Revolutionary Worker #1155, June 16, 2002, posted at http://rwor.org
The conflict between India and Pakistan over Kashmir is now at the brink of war. On the border between India and Pakistan, a million soldiers face off--700,000 from India, 300,000 from Pakistan. 50 nuclear weapons are poised in Pakistan, 100 in India.
The unthinkable threatens to become reality: A nuclear exchange that could mean the immediate death of as many as 30 million people. Millions more would die later. The economies of both nations would be decimated. Destruction and famines would send millions of refugees to neighboring countries.
Warships, planes, tanks and missile batteries are in place in India's largest-ever military mobilization. Millions of landmines have been planted along the border. Pakistan's army has transferred troops from the western border with Afghanistan to the Indian border in the east.
At the border between India-occupied Kashmir and Pakistan-controlled Kashmir, there are daily exchanges of mortar and artillery fire. At least 25,000 villagers have already fled these border areas.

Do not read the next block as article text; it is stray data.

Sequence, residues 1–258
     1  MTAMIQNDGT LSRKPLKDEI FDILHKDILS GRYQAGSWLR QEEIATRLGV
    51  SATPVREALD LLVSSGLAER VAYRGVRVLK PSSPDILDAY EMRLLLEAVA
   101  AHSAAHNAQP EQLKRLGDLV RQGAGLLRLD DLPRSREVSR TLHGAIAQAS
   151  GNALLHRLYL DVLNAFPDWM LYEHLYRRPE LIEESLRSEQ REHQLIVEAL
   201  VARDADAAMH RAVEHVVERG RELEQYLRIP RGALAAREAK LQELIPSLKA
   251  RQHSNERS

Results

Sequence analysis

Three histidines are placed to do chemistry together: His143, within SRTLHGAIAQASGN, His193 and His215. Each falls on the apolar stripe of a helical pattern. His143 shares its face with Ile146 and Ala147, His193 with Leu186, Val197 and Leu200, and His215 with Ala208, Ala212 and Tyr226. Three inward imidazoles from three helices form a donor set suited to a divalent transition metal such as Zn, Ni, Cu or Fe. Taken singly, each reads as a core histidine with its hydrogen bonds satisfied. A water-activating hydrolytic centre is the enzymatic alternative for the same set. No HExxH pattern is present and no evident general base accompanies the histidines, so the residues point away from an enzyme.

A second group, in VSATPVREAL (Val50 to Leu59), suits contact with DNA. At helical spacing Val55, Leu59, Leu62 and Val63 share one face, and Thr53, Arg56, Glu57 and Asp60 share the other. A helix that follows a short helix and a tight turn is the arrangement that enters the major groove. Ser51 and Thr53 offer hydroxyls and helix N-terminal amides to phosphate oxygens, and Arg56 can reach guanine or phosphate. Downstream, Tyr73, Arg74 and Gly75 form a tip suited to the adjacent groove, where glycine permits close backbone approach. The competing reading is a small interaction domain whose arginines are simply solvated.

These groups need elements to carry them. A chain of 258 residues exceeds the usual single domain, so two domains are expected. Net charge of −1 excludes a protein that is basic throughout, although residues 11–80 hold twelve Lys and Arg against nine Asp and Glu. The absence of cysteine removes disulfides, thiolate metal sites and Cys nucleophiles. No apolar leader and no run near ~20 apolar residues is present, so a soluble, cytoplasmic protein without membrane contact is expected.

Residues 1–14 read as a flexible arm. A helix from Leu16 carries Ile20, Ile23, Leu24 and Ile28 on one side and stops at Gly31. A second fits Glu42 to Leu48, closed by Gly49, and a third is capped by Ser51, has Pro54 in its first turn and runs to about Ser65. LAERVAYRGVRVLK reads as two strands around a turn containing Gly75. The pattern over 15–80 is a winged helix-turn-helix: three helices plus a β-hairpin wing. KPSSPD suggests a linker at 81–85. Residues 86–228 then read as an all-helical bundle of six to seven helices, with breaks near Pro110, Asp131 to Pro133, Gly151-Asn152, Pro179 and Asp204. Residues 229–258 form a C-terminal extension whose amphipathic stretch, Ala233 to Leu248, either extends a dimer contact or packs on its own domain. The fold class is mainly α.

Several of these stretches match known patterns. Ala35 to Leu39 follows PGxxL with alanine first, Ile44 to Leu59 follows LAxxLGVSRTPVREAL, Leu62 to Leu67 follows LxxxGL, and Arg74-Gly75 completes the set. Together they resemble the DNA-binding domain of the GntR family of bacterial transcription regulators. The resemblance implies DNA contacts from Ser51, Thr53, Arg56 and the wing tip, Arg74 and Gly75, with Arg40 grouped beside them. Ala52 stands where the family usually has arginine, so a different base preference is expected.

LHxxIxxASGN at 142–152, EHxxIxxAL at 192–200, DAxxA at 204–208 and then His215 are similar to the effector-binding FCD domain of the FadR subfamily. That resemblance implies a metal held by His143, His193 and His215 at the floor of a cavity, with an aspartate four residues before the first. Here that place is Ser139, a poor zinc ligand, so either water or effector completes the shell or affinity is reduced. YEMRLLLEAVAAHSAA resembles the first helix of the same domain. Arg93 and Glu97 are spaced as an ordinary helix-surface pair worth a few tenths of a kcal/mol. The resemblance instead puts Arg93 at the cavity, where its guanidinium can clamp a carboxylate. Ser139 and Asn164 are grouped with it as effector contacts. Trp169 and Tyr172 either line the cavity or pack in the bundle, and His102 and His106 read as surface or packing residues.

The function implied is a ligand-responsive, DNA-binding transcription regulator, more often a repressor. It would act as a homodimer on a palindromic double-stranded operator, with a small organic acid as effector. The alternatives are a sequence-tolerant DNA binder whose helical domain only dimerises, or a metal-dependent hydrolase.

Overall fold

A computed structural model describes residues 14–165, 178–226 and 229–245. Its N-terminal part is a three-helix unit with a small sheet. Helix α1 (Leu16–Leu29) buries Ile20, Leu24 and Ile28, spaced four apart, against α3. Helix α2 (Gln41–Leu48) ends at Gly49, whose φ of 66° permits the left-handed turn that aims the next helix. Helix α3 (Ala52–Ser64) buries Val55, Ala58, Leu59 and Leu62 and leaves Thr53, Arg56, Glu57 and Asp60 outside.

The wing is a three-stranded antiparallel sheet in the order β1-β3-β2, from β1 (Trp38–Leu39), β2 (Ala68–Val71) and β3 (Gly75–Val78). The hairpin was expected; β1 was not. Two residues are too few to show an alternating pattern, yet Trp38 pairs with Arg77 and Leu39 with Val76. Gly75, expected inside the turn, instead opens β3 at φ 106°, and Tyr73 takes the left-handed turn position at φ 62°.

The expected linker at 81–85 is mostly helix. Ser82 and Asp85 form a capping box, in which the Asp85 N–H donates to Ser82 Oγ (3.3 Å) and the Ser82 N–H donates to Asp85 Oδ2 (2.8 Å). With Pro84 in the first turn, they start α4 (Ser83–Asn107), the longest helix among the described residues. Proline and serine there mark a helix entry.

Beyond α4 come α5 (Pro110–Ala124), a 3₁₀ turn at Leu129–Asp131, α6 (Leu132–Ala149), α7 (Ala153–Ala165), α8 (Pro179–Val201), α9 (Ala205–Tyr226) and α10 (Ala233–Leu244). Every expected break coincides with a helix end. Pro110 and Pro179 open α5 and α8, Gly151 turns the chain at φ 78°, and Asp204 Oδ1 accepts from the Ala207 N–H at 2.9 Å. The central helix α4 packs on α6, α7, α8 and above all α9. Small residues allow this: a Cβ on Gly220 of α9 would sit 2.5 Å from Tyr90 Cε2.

The U.S. and other imperialist powers pretend they have nothing to do with how the India-Pakistan conflict started and how it developed to the point where the two states are threatening each other with nuclear weapons. But the truth is this conflict has everything to do with imperialism.
Backdrop of Imperialist Domination
India and Pakistan have been fighting over the disputed territory of Kashmir for over 50 years. But the roots of this conflict are not, as some bourgeois analysts would have us believe, in some kind of endless religious and ethnic rivalry.
The roots of the fight over Kashmir lie in the history of British colonialism in South Asia. The ongoing rivalry between India and Pakistan has been stamped with a long history of U.S. domination and superpower rivalry in South Asia. And the current crisis has emerged in the context of the U.S. war in Afghanistan and the U.S. "war on terrorism" and its campaign to strengthen and enforce U.S. hegemony and control.
Until the end of World War 2, the Indian subcontinent was under the colonial rule of British imperialism. Britain carried out a divide-and-conquer policy by deliberately exacerbating the divisions and differences between various nationalities and between the Hindu, Muslim and Sikh religious groups. With the end of direct colonial rule, Pakistan was partitioned as a separate Muslim state.
Kashmir was supposed to be given the choice to join India or Pakistan, or to remain independent. But fighting over Kashmir broke out between India and Pakistan. And ever since, the comprador governments of India and Pakistan (collaborating with and serving imperialism) have each wanted to control Kashmir for their own interests.
U.S. "War on Terrorism"
After September 11 the U.S. pressured Pakistan into cooperating with its so-called "war on terrorism," and India offered support to the U.S. to advance its own interests.